As the company grew it had a need to obtain services, such as telecommunications services, retail network support, trucking, shipping, data management, scientific, engineering, seismic, and others. The company created subsidiaries to meet these needs. Sonangol and its many subsidiaries have continued to expand into other lines of business. Among the more important subsidiaries are Sonair and MSTelcom.

Sonangol is one of the major shareholders of the Portuguese energy company Galp Energia through its indirect participation in the capital of Amorim Energia, which holds one third of GALP's shares and on which board sits the son-in-law of the Angolan President.[11]

Sonangol is an important sponsor of the arts, sports and humanities in Angola and in Africa. On December 12, Reuters reported that Sonangol won the rights to develop the Iraq's Najmah oilfield in a bid held that day. The company's plateau production target for the field in the volatile province of Nineveh is 110,000 barrels per day (17,000 m3/d) (bpd), and the remuneration fee is $6 per barrel. Sonangol had proposed a per-barrel fee of $8.50, but then accepted the Oil Ministry's lower amount.

In 2018, Sonangol announced that they will reactivate their Iraqi oil exploration fields in Najma and Qayara after years of closure due to constant armed conflicts. The two oil fields in Iraq are estimated to still have a reserve of 1 billion barrels of oil. [12]



Sonangol USA, Sonangol London, and Sonangol Asia are the main trading and operations offices for the crude and product cargoes sold on behalf of Sonangol E.P. Sonangol Starfish which is located in Brasil, Rio de Janeiro since 22 of March 2010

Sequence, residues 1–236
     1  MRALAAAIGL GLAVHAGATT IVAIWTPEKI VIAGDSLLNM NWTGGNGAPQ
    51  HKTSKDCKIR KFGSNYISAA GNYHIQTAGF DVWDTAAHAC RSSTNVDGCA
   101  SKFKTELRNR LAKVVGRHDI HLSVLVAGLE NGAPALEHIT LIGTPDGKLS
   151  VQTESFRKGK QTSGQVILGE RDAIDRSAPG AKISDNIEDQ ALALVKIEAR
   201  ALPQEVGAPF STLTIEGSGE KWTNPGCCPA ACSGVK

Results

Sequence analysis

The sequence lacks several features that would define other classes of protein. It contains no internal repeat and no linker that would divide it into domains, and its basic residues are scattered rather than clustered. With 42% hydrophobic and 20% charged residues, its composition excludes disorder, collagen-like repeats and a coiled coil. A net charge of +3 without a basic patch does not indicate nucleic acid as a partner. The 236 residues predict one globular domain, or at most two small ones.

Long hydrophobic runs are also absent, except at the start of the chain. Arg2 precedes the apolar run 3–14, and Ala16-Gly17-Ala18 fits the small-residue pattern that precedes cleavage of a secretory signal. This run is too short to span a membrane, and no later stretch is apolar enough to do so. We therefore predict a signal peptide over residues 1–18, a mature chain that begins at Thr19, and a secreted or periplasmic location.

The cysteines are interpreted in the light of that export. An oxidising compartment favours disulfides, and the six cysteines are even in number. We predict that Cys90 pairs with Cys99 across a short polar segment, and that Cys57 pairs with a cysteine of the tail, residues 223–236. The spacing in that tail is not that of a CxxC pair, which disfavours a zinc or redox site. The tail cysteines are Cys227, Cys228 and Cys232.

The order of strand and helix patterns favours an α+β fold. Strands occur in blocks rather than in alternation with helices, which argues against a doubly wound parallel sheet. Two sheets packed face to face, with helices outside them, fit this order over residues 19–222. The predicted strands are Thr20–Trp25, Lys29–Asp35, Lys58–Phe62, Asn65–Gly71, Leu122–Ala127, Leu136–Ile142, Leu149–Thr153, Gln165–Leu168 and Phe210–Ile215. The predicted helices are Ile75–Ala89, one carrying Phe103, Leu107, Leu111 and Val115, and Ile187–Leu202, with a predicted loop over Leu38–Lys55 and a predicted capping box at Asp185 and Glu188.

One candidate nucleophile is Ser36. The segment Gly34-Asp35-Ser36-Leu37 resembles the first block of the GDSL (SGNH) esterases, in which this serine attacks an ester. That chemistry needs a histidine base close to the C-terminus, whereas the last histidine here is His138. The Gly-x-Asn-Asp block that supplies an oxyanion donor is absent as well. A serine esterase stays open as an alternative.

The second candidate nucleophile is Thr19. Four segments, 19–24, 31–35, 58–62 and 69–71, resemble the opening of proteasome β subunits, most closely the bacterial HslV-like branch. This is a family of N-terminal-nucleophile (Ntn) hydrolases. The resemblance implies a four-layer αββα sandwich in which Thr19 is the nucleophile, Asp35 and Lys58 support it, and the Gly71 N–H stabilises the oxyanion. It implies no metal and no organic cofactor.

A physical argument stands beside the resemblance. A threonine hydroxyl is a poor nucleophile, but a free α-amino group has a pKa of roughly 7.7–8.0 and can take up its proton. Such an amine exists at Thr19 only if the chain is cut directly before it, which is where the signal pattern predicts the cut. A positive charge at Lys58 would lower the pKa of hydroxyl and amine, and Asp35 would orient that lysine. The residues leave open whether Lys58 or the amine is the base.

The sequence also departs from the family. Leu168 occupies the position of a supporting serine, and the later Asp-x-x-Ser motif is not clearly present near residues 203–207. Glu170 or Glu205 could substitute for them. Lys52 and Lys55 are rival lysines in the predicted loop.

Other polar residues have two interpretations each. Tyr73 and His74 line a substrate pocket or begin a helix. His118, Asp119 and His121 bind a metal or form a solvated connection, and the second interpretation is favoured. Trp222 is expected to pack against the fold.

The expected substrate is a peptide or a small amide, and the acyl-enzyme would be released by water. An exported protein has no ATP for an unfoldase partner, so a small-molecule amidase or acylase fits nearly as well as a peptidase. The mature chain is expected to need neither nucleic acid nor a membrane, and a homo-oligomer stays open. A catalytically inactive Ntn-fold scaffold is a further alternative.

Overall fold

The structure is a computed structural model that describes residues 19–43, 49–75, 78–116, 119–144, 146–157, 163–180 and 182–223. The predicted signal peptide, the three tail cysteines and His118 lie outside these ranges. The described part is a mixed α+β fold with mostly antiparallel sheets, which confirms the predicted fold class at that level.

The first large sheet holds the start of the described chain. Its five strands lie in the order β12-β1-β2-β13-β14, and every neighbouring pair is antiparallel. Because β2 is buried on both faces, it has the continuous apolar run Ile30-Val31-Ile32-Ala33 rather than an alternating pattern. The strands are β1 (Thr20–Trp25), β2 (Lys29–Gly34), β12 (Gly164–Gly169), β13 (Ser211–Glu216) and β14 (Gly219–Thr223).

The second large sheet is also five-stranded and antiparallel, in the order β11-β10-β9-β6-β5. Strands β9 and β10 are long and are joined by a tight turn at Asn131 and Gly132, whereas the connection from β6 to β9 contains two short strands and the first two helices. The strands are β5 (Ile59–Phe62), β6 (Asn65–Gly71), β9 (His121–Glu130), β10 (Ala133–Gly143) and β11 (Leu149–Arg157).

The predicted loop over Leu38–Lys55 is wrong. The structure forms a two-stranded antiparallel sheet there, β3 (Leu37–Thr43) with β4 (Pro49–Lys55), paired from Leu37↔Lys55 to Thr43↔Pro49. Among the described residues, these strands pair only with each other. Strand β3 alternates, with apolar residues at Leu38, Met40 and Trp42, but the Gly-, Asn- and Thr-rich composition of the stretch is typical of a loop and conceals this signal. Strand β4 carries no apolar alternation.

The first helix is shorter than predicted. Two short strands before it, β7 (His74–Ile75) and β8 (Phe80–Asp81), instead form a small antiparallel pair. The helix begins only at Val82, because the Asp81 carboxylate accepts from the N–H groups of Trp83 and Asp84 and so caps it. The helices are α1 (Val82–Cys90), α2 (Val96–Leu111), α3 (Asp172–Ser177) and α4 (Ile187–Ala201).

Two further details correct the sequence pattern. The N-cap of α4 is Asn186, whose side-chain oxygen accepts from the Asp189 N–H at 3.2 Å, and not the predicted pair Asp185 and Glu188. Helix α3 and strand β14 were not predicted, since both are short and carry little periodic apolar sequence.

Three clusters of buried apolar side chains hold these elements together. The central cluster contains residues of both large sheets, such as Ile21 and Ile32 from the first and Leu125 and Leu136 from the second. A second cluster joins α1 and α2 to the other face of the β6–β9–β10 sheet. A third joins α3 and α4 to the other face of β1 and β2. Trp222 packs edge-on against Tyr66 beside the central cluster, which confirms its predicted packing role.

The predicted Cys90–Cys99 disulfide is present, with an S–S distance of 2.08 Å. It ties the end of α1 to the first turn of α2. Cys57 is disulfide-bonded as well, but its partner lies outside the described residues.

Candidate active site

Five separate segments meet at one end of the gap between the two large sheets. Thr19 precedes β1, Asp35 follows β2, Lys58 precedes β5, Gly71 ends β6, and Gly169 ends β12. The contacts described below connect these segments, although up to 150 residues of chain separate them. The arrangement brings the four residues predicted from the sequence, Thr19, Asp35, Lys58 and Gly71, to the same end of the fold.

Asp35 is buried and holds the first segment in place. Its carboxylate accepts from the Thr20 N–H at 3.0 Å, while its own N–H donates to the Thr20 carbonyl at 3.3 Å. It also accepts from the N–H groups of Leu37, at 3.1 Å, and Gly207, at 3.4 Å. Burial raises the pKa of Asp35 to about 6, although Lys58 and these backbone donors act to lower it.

1. ^ Marathon Oil to sell stake in Angolan field for $590 million, International: Reuters, 2013
  2. ^ Sonangol secures oil exploration rights in five onshore blocks in Angola, Africa: Oil Review Africa, 2013
  3. ^ "All in the family: Angola president picks eldest daughter to head state oil firm, western firms scramble for contracts". MG Africa. 2016-06-03. Retrieved 2016-06-03.
  4. ^ Exonerado Conselho de Administração da Sonangol, Angola: Angop (Agência Angola Press), 2017
  5. ^
  6. ^ Human Rights Watch - Angola: Explain Missing Government Funds retrieved 21 December 2011
  7. ^ Wroughton, Lesley (2012-01-25). "IMF finds most of Angola's missing $32 bln". Reuters. Retrieved 13 August 2012.
  8. ^ "1177 Enclave Pkwy." Energy Corridor. Retrieved on 6 August 2011.
  9. ^ "Contact Information Archived 2011-07-20 at the Wayback Machine." Sonangol USA. Retrieved on 6 August 2011. "1177 Enclave Parkway 2nd floor Suite 200 Houston, TX 77077 "
  10. ^ "Contact Archived 2011-09-26 at the Wayback Machine." Sonangol Limited. Retrieved on 6 August 2011. "Sonangol Limited Merevale House Brompton Place London SW3 1QE United Kingdom."
  11. ^ Daddy's Girl: How An African 'Princess' Banked $3 Billion In A Country Living On $2 A Day Forbes. 8-14-2013. Retrieved on 19-09-2013.
  12. ^

External links